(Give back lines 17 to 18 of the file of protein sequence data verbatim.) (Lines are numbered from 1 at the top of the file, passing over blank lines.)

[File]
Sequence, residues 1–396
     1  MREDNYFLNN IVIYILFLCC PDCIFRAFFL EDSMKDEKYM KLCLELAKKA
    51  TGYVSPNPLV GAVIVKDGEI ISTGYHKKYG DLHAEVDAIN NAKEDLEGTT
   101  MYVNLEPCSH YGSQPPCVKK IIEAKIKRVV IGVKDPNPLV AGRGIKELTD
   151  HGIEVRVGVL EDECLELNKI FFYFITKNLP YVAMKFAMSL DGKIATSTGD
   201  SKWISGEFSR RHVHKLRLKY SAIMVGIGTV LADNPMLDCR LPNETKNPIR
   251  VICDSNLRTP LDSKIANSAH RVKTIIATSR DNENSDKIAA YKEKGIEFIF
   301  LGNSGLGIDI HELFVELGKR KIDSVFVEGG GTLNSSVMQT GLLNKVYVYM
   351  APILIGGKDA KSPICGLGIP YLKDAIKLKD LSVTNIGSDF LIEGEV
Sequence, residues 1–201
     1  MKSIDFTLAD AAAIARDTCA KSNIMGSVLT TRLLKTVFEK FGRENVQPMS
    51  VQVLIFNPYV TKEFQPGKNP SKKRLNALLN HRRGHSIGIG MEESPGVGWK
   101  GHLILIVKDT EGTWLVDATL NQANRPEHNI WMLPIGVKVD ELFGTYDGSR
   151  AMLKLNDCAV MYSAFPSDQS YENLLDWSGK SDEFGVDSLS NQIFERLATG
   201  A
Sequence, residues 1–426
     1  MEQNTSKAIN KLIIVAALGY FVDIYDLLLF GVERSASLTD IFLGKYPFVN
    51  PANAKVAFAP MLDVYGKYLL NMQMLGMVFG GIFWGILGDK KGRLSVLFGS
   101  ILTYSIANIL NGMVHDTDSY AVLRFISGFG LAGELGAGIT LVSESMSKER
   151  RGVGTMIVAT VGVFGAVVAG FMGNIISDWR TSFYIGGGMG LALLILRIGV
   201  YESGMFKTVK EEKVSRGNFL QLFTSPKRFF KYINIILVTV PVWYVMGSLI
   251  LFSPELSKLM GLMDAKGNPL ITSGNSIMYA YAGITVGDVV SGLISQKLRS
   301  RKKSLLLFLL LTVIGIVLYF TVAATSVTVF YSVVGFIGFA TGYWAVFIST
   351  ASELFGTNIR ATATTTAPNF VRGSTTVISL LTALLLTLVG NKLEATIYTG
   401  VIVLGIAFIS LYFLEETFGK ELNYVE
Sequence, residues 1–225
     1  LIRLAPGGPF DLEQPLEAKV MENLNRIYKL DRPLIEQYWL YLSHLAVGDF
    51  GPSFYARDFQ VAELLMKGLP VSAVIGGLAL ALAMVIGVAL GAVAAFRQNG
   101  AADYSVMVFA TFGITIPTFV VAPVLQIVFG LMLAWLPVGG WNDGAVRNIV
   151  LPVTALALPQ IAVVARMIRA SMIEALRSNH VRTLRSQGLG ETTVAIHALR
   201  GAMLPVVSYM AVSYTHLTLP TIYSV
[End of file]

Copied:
     1  MEQNTSKAIN KLIIVAALGY FVDIYDLLLF GVERSASLTD IFLGKYPFVN
    51  PANAKVAFAP MLDVYGKYLL NMQMLGMVFG GIFWGILGDK KGRLSVLFGS